Vohden, who has no legal background that we are aware of, fails to understand that the Freeholder Board is the Legislative AND Executive branch for Sussex County.  It is the same in most counties although, in a few, they have decided to have an ELECTED County Executive.  In those counties, the Freeholder Board is the Legislative branch only. 

In no county -- anywhere in America -- is an UNELECTED BUREAUCRAT the Executive and Legislative branches of government, with the elected members merely serving as his "liaisons" to various parts of the bureaucracy.  That's just undemocratic -- and it is also deeply authoritarian.  It is the philosophical redux of the Fuhrer Principle. 

"The Führerprinzip was not invented by the Nazis. Hermann Graf Keyserling, an ethnically German philosopher from Estonia, was the first to use the term Führerprinzip. One of Keyserling's central claims was that certain 'gifted individuals' were 'born to rule' on the basis of Social Darwinism.

The ideology of the Führerprinzip sees each organization as a hierarchy of leaders, where every leader (Führer, in German) has absolute responsibility in his own area, demands absolute obedience from those below him and answers only to his superiors. This required obedience and loyalty even over concerns of right and wrong.

...This principle became the law of the National Socialist German Worker's Party (Nazi Party) and the SS and was later transferred to the whole German society once the Nazis took power. Appointed mayors replaced elected local governments. Schools lost elected parents' councils and faculty advisory boards, with all authority being put in the headmaster's hands.  The Nazis suppressed associations and unions with elected leaders, putting in their place mandatory associations with appointed leaders.

In practice, the selection of unsuitable candidates often led to micromanagement and commonly to an inability to formulate coherent policy... Rules tended to become oral rather than written."


With Vohden and at least seven others having announced or considering a run for the two freeholder seats up this year, a discussion on how each of them view the governing relationship between the elected Freeholder Board and the appointed county bureaucracy is important.  We will be reaching out to each candidate to get their thoughts.

And while we are at it, we would like to urge two advocates of reform not on that list of seven to consider adding their voices to this election:  Independent Harvey Roseff and Democrat Bill Weightman.  Both would elevate the level of discourse and add to the debate.

Freeholders Zeoli, Crabb, and Vohden with then County Counsel McConnell


CD05: Eustace vs. Garrett

Assemblyman Tim Eustace is a self-professed "gay" member of the New Jersey Legislature.  It is enough for us to know that he is a Democrat and that, when a member of the town council in Maywood, he sneered at those "hillbilly" taxpayers who wanted to maintain the town's rural character.  Eustace was pro-development, pro-corporate development, and opposed to allowing Maywood to remain (How goes the taunt?) "Mayberry."

These days, instead of focusing on his job as an Assemblyman -- instead of doing something about record child poverty, foreclosure, unemployment and underemployment, public debt, and the highest property taxes in America -- Eustace is protesting businesses that have contributed to Congressman Scott Garrett, a Republican from Sussex County.  You see, Tim Eustace is an old-fashioned bigot in a new-fashioned way.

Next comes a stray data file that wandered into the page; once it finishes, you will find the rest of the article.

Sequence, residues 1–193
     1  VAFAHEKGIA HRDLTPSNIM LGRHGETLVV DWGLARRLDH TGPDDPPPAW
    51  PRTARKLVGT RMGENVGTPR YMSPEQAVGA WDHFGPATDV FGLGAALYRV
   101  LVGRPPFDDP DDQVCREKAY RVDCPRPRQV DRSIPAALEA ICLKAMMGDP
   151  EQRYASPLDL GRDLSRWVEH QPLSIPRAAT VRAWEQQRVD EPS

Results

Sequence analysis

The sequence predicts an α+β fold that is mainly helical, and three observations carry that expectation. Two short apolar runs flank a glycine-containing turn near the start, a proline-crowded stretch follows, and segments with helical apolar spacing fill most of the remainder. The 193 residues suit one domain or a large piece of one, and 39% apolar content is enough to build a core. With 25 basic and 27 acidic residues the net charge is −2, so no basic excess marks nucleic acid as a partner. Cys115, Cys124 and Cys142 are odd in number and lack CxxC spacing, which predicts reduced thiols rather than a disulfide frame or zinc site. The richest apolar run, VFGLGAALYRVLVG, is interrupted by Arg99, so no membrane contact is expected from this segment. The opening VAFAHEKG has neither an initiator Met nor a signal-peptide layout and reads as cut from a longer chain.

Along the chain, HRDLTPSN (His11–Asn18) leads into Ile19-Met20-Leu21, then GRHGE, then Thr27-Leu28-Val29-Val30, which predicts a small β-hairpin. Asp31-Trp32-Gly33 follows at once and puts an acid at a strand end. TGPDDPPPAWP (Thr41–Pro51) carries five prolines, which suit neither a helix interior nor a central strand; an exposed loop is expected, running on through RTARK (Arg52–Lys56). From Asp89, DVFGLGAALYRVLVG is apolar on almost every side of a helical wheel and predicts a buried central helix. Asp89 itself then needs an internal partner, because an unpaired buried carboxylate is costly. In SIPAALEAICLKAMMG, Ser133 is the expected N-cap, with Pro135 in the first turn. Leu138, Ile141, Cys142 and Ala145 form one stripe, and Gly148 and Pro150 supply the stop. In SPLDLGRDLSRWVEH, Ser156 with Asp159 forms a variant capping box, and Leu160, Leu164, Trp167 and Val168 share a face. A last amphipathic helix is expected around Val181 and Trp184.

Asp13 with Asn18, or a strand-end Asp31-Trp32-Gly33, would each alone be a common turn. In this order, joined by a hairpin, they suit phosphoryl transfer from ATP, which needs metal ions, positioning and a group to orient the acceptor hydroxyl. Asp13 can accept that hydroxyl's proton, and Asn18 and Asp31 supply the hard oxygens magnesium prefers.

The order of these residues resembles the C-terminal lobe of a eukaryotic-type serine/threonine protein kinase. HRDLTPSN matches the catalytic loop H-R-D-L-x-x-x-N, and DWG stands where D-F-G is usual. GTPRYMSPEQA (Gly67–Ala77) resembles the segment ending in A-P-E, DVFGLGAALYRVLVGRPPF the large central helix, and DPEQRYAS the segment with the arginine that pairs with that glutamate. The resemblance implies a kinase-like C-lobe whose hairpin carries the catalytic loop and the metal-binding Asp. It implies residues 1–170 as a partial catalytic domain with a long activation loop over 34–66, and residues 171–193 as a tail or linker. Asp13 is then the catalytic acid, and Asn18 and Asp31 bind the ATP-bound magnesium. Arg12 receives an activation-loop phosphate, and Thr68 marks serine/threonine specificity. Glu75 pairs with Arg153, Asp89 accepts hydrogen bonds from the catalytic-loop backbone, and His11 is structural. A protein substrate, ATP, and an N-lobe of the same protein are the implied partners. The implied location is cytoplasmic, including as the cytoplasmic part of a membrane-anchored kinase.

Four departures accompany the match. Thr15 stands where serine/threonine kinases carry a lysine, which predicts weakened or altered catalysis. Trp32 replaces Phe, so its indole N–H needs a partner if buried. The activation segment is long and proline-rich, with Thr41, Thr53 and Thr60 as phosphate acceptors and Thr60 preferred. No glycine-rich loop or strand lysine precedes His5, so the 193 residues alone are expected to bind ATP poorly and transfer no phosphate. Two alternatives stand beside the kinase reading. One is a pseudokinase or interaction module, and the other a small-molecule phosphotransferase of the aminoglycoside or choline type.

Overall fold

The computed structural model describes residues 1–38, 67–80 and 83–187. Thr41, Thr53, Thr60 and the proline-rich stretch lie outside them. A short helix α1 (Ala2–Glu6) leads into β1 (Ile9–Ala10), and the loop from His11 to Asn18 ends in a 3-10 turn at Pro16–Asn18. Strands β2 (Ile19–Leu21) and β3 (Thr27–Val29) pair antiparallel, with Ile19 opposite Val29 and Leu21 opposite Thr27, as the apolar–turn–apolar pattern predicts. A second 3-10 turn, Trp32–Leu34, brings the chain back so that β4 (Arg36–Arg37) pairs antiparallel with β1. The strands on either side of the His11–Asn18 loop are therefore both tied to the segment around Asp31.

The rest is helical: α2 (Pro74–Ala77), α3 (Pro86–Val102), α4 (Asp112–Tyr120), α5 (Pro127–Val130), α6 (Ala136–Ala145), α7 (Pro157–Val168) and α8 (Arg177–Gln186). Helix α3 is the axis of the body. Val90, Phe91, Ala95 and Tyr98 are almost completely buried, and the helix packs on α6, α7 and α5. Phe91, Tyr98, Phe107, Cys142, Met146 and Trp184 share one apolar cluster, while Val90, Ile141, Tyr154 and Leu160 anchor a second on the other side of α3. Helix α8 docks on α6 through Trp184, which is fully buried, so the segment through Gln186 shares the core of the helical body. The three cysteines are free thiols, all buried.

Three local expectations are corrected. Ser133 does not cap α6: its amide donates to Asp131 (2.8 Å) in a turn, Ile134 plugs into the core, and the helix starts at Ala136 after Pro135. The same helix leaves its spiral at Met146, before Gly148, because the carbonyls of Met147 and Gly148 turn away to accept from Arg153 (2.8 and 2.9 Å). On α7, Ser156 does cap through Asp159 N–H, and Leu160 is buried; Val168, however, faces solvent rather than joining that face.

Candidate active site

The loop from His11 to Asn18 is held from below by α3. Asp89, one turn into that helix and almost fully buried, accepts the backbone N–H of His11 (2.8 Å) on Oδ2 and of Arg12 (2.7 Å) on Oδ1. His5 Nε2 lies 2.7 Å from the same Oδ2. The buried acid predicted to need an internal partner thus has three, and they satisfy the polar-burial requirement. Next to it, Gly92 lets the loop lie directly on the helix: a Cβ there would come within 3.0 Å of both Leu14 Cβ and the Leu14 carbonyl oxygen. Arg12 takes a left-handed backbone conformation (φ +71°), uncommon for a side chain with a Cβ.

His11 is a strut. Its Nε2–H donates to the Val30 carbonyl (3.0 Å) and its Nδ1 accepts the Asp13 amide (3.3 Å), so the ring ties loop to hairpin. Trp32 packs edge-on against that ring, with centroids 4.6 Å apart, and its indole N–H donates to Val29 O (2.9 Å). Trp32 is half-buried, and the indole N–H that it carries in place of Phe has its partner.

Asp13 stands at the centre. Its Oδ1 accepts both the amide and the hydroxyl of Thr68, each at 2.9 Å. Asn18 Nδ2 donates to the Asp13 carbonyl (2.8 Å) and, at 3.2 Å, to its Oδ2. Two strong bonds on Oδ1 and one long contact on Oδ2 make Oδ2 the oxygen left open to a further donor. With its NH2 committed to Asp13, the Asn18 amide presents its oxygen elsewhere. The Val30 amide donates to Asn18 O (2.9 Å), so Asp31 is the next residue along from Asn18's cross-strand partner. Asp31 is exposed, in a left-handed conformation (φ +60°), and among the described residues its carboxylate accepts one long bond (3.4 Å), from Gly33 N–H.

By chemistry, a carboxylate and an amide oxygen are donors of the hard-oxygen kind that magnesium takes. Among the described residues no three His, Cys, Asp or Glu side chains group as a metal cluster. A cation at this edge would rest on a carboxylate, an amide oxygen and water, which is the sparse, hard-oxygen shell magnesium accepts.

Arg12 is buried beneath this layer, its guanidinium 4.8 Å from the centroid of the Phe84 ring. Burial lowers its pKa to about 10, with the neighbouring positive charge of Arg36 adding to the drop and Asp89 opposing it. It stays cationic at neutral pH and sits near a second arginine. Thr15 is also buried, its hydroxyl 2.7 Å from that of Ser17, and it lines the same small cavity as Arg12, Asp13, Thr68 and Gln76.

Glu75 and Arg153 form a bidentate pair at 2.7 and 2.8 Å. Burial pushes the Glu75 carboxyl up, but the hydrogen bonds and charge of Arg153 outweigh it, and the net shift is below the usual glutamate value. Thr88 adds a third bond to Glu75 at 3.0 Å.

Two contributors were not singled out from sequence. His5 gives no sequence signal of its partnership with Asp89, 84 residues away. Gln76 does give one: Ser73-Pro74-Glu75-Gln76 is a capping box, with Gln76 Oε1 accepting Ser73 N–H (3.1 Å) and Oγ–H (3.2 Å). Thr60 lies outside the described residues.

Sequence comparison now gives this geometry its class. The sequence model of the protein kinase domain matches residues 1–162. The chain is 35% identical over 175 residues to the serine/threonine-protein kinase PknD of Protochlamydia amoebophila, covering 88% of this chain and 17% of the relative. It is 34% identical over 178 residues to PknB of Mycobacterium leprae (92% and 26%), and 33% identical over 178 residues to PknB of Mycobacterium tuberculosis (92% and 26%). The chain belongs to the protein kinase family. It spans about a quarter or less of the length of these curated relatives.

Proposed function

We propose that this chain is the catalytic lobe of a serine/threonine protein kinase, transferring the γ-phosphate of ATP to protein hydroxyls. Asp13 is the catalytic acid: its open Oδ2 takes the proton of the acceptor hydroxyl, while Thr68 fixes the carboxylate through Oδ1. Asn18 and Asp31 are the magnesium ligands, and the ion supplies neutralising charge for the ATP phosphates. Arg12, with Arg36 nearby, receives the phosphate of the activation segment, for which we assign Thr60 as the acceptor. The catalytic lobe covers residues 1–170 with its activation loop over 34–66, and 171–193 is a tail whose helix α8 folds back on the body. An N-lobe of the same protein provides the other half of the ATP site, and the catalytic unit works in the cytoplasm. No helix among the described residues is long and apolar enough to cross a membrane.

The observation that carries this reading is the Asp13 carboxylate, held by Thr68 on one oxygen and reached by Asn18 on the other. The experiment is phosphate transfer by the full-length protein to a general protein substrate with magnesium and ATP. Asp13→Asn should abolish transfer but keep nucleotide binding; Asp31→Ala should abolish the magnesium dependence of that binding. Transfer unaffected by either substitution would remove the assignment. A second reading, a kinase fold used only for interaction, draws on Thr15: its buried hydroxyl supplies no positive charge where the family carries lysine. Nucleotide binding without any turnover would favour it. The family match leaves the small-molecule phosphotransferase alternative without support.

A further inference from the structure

Assemblyman Eustace pours the old wine of intolerance into the new bottle of the LGBT movement.  Eustace is intolerant of Christians who practice their beliefs in the same way they have done for over 2,000 years.  If Eustace had his way, he would label the Gospel as "hate speech" and then criminalize it.  Eustace is so self-absorbed that he can only tolerate being around people who agree with him one hundred percent.  Everyone else must be suppressed.

Last year, Assemblyman Eustace was on the ballot and he had a lot of negative things to say about his opponents.  An intriguing question about Eustace's own background came up, but true to the self-absorbed homunculus that he is, Eustace refused to answer any questions.

Here's what prompted the question:  On the New Jersey Court's public ACMS website, are two "active" judgments against a Timothy J. Eustace: 


A search of the details reveals that two civil cases filed in Bergen County are connected with these judgments.  They are dockets DC-624821-89 and DC-625025-89.  These cases refer to civil actions taken by the Leonard Shaw Bail Bond Agency against Timothy J. Eustace of 453 Golf Ave., Maywood, NJ 07607.  

453 Golf Ave., Maywood, NJ 07607, is the same address used by Assembly candidate Timothy J. Eustace.  Could the Timothy J. Eustace with the two outstanding judgments be Assemblyman Timothy J. Eustace?

Who is the other party in the case?  Who or what is the Leonard Shaw Bail Bond Agency?  Well, they are now known as Kirk Shaw Bail Bonds.  The company website advertises that they are "directly across from the Bergen County Jail" and have "24-hour service."  Here is a look at their website: 

Who uses a bail bond company?  To explain that, here is a video by a well-known New Jersey attorney:


So what we have here are two outstanding judgments against a Timothy J. Eustace, by a bail bond company.  These relate back to two civil cases in which, apparently, Timothy J. Eustace owed something to the bail bond company.  This could relate back to a criminal case, for which the bail was needed.

Now it is important to understand that these court records are maintained by the same entity that has taken it upon itself to dictate the education funding formula in New Jersey.  These people are idiots, so there is every possibility that the Court's records -- just like the Court's judgments -- are full of crap.  On the other hand, it could point to a very serious case of wrongdoing.

Of course, Assemblyman Timothy J. Eustace of 453 Golf Ave., Maywood, NJ 07607, can probably set the record straight.  So, Brother Eustace, if you would like to, we'd be happy to.